Opossum

When people picture a “possum,” most are actually thinking of an “opossum.” Possums are native to Australia, while opossums are native to North and South America. The Virginia opossum is the most commonly known opossum. Read on to learn about the opossum.

Description of the Opossum

Most opossums are around the size of a housecat. These marsupials have an elongated snout, and a large sagittal crest – a bone making their forehead look taller. They have scaly feet, and a scaly prehensile tail. A prehensile tail can be wrapped around branches to stabilize the animal while climbing.

Interesting Facts About the Opossum

Opossums, the only naturally occurring marsupial in North America, are incredibly interesting creatures. They have a number of distinguishing characteristics that are typically unknown to the general population. These scary-looking creatures are unfortunately misunderstood. Let’s learn a little more about them and find out why.

  • Rabies and Opossums – While it is possible for an opossum to carry the rabies virus, it is extremely Opossums have an extremely competent immune system, and a low body temperature. These traits make it difficult for the opossum to develop rabies.
  • Playin’ Possum – Did you find a “dead” opossum in your yard? Maybe you saw one curled up on the side of the road? Don’t pick up the shovel! Opossums are incredibly impressive at playing dead, to the point where they can be picked up and carried away. Many opossums have been accidentally killed by well-meaning humans burying a “dead” opossum in their yard, or running over a “dead” opossum on the side of the road.
  • Nature’s Garbage Men – Just like vultures, opossums feed on carrion, which is dead animals. Decaying carcasses can easily spread some pretty vile diseases, particularly ones that can make humans sick. By feeding on carrion, scavengers prevent the spread of disease. Because scavengers have advanced immune systems, they can feed on the carrion without catching the otherwise potentially deadly diseases.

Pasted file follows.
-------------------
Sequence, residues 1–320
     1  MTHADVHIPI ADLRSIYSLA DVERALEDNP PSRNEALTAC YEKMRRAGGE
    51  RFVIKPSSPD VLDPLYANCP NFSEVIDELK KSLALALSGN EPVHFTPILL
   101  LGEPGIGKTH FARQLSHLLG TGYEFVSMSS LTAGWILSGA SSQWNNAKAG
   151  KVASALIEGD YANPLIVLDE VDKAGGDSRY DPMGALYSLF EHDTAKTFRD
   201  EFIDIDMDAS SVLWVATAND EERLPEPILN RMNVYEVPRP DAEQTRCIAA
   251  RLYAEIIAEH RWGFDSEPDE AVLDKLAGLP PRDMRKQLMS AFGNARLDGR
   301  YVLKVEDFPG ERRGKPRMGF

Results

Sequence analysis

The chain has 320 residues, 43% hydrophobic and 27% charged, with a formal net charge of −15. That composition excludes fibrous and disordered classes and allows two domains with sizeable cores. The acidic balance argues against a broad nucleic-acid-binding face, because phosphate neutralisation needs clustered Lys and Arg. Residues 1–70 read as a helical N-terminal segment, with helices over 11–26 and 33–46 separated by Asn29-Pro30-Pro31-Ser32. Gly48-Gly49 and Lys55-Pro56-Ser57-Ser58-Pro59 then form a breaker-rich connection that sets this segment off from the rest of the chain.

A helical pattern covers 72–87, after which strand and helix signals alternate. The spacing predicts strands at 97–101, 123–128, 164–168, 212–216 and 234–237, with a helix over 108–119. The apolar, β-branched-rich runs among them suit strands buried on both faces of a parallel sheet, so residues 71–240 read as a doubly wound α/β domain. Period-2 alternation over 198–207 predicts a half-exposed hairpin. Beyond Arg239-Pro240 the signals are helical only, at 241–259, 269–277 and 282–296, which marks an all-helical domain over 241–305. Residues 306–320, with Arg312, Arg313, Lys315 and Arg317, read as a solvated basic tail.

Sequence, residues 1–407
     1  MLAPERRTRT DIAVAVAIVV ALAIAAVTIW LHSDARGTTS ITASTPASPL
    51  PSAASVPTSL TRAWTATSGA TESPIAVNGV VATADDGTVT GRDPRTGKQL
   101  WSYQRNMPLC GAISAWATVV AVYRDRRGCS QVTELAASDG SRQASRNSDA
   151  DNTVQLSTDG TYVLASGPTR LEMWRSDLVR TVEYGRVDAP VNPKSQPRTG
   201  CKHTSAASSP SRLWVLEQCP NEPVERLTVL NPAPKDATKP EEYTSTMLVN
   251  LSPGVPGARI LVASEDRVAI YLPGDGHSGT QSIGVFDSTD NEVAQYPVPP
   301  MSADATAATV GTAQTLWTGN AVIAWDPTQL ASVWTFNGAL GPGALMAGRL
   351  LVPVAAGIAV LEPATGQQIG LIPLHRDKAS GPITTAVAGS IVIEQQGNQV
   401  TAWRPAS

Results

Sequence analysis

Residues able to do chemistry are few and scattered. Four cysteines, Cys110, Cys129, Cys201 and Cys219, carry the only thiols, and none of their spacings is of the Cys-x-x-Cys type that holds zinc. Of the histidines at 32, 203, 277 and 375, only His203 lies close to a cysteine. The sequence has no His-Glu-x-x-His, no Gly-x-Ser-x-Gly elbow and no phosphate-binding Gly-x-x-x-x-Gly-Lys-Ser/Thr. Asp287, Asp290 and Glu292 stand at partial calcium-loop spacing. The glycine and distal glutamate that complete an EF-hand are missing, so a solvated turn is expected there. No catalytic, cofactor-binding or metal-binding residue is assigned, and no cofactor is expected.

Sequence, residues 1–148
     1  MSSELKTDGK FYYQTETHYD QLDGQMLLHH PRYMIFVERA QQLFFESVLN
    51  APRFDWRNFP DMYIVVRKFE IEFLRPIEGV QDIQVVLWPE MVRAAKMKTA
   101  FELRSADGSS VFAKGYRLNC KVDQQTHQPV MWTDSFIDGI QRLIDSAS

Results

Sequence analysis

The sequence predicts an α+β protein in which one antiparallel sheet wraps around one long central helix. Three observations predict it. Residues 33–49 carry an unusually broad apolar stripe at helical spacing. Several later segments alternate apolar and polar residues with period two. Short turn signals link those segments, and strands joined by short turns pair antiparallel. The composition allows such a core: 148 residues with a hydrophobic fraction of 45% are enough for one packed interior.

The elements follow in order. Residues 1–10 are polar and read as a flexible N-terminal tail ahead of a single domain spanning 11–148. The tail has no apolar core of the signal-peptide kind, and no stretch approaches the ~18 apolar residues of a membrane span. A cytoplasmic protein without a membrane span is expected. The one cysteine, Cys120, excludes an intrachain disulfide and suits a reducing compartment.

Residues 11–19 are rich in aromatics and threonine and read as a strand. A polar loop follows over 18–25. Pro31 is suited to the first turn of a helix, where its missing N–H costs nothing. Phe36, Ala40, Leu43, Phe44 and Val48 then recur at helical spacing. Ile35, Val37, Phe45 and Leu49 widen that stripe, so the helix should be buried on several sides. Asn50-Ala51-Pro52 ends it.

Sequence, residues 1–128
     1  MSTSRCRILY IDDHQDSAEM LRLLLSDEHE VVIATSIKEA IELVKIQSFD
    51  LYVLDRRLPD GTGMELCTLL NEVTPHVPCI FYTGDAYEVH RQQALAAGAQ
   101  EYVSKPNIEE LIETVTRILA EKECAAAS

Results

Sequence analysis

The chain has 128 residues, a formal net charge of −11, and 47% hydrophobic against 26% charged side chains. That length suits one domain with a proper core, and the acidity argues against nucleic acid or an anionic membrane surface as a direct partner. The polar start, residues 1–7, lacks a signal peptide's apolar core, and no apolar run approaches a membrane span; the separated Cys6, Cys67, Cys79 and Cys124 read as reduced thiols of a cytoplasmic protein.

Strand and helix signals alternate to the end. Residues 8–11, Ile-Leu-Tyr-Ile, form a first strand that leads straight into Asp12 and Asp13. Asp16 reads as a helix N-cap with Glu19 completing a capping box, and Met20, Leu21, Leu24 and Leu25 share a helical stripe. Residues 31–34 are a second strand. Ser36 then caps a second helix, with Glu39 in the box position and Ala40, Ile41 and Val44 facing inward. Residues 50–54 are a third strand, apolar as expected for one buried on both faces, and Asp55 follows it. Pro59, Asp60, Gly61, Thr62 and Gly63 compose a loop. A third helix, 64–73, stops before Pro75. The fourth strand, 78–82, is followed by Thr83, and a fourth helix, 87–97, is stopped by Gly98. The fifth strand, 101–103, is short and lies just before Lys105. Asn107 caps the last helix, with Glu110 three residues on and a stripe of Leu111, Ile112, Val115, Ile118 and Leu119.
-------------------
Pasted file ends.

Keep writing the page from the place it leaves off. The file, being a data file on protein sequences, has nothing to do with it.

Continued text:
• Venom Resistant – As if their resistance to rabies wasn’t enough, opossums are also immune to some venomous snake bites. The only snake they are not immune to is the coral snake. These super powered predators will hunt and eat venomous snakes if given the opportunity!

Habitat of the Opossum

Opossums prefer woody habitats, particularly deciduous forests that seasonally shed their leaves. They are also commonly found close to a water source, such as a stream or lake. Opossums are, however, highly adaptable. They have become quite adept at surviving in urban areas.

Distribution of the Opossum

There are over 100 species of opossum, but only one species lives north of Mexico, the Virginia opossum. The Virginia opossum can be found from Central America all the way to Canada. Other opossum species can be found from Mexico to the tip of South America.

Diet of the Opossum

Opossums are opportunistic feeders, which means that they feed on a wide variety of items to survive. They eat carrion, small animals, insects, reptiles, eggs, plants, and garbage.

Opossum and Human Interaction

The poor opossum is generally viewed as an ugly pest of an animal. Though they will occasionally make their homes in our attics and crawl spaces, and feed from our garbage cans, opossums are only doing what they need to do to survive. They are frequently struck by cars searching for carrion and garbage on roadsides, and can be killed by domestic dogs. Opossums rarely cause injuries to humans, preferring to run and hide, or simply play dead.

Domestication

Opossums have not been domesticated in any way.

Does the Opossum Make a Good Pet

The opossum is a wild animal, and should not be kept as a pet. In many states it is illegal to keep an opossum as a pet, and can result in a hefty fine.

Opossum Care

Opossums require a varied diet and enrichment to be happy and healthy. Diets should reflect their natural prey as close as possible. They should also be provided with foraging opportunities and other environmental enrichment “toys” to keep them stimulated.

Behavior of the Opossum

Opossums are mainly solitary, but will share a living space with other animals. They will remain in a location as long as food and water are readily available, and will move on when resources run out. This behavior is called nomadic living. Opossums are nocturnal, and emerge from their dens to forage for food at night.

Reproduction of the Opossum

Opossums are marsupials, who carry their young in a pouch. They will give birth after a 12-14 day gestation period, and the young will emerge from the pouch 70-125 days later.

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